Thirty-nine years ago, Ronald Reagan said during his first inaugural address, “In this present crisis, government is not the solution to our problem; government is the problem.” It had Conservative, Inc. atwitter for decades, even long after everyone knew the federal government doubled in size under The Gipper.
Both proponents and opponents still talk about Reagan as if he shrank the government when he did precisely the opposite. That’s understandable coming from political operatives or media (but I repeat myself) who have some stake in people believing it. What is intolerable is the tens of millions of nitwits – there really is no other word for them – who believe it themselves, contrary to easily verifiable data.
Thus, this libertarian is led to what some might consider an extraordinary conclusion. Government is not, in fact, the problem.
Contrary to what we in the so-called “liberty movement” would like to think, there is not a large percentage of the population yearning to break free from an oppressive government.
In reality, all those polls showing single digit approval ratings for Congress result from people being angry the government isn’t doing more. I wish I could tell you what you want to hear. But I can’t.
Hundreds of years ago there was a moment when the American population was somewhat suspicious of government, respectful of property rights (the only real rights) and devoted to personal liberty. That sentiment began eroding almost immediately upon the thirteen colonies gaining their independence. It died completely generations ago, but for a few contrarians.
We now live in as close to a pure democracy as any society this size could possibly achieve. By “pure democracy,” I do not mean the overrated distinction between democracy and republic. I mean a system in which the will of the majority is unchecked by any institutional restraint.
When you consider half the population has, by definition, IQs under 100, then you can see why it isn’t difficult for a small, interested minority to combine with that population segment to impose whatever they want upon the rest of us. All they need do is promise safety from some terrifying threat, real or imagined, and the cowardly, obsequious, statist-to-the-core majority will not only accept the plan but demand it.
We are ruled by the Nitwit Mob. Democracy is its means, comfortable slavery its end. Participation is mandatory.
How does one know the members of this mob, you ask? Identifying non-members would make for a shorter answer, but here is an incomplete list of some tell-tale characteristics:
- Mindlessly repeating talking points they hear on state propaganda broadcasts like The Today Show as if the talking points are their own, well considered opinions.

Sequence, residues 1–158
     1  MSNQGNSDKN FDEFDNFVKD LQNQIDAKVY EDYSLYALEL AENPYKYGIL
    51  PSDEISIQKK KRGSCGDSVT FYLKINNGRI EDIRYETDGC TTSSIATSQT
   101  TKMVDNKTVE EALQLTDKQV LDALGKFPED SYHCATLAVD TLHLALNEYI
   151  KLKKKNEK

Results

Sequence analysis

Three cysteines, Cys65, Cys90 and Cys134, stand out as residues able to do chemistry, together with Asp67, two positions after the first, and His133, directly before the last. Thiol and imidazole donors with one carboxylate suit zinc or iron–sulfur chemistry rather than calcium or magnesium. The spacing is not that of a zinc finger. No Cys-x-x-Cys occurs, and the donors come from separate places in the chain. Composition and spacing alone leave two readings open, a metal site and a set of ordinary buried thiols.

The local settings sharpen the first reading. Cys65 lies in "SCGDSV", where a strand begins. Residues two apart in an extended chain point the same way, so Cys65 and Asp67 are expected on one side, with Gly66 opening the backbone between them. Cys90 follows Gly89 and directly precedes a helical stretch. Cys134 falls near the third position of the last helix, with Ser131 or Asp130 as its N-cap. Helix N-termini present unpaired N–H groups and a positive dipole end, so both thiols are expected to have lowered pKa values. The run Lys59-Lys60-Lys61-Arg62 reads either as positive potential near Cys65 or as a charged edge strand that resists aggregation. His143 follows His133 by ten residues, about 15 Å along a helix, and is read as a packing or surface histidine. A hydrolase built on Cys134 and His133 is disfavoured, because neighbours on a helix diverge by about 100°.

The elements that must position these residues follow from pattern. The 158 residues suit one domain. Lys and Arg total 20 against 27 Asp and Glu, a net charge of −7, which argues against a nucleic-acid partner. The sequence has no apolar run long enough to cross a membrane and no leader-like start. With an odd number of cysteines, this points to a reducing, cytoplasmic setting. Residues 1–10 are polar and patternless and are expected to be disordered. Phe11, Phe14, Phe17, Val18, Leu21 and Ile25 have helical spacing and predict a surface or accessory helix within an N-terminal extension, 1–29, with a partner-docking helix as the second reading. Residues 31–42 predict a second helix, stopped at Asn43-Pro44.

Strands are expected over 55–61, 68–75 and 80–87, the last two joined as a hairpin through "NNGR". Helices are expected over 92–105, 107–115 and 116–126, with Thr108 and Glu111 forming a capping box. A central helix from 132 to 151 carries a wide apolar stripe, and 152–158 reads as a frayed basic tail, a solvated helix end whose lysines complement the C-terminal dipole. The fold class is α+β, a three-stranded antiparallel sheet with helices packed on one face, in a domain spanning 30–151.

- Changing their profile pics to some symbol in politically correct vogue at the moment. Can one say any more emphatically, “I have no identify of my own?”
- “Thanking the troops” for their freedom – or for anything else for that matter. Thanking is only appropriate when a benefit is conferred. And no American taxpayer has benefited from the troops invading Afghanistan, Iraq, Viet Nam, Somalia, Korea…
- Starting any sentence with the words, “You need to….” Yes, this is a personal pet peeve, but think about the thought process behind this ubiquitous expression. It’s a passive-aggressive way of ordering someone to do something, often to fall in line with some politically correct or otherwise state-directed behavior.
The appropriate response is something like, “No, I need to do no such thing. If you would like me to do thus and so, I suggest you ask politely, employing the word, ‘please.’ I make no guarantees.”
Or, if time is short, simply, “Fuck you.”
- Using the word “we” when advancing a political agenda. “We need, we must, we can,” etc. are all words employed by two groups of people: those who wish to control or plunder you and the Nitwits who enable them.
What is the solution to rule by the Nitwit Mob? I don’t know. But I can tell you what the solution isn’t: trying to reason with them.
We can write all the essays we want, teach all the economics we want, cite all the great thinkers in the libertarian tradition we want. It’s not going to work because the Nitwit Mob doesn’t want to be reasoned with. They don’t want to consider your point of view. No, they don’t find that information you “shared” interesting.
The Nitwits are impervious to these efforts because they are emotionally invested in statism. They want an all-powerful state to care for them like they are livestock and they demand you take your place in the stable next to them (not to mention pay for the stable). Any suggestion this might be immoral, impractical or even detrimental to their own interests might as well be made to a donkey.
In substance abuse programs, it is often said the first step in solving your problem is admitting you have one. We must admit we have a Nitwit problem compared to which the state pales in comparison. Let’s stop operating under the assumption that if we could just bring them the information evil forces have kept from them, they’d join our cause. They won’t.
As my kung fu Sifu once said, “Well, what you’re doing obviously isn’t working. So, whatever you decide to do, don’t keep doing that.” Consider this a request for proposals. How do we free ourselves from the Nitwits who are too stupid to persuade and too numerous to fight?
Tom Mullen is the author of Where Do Conservatives and Liberals Come From? And What Ever Happened to Life, Liberty and the Pursuit of Happiness? Part One and A Return to Common Sense: Reawakening Liberty in the Inhabitants of America.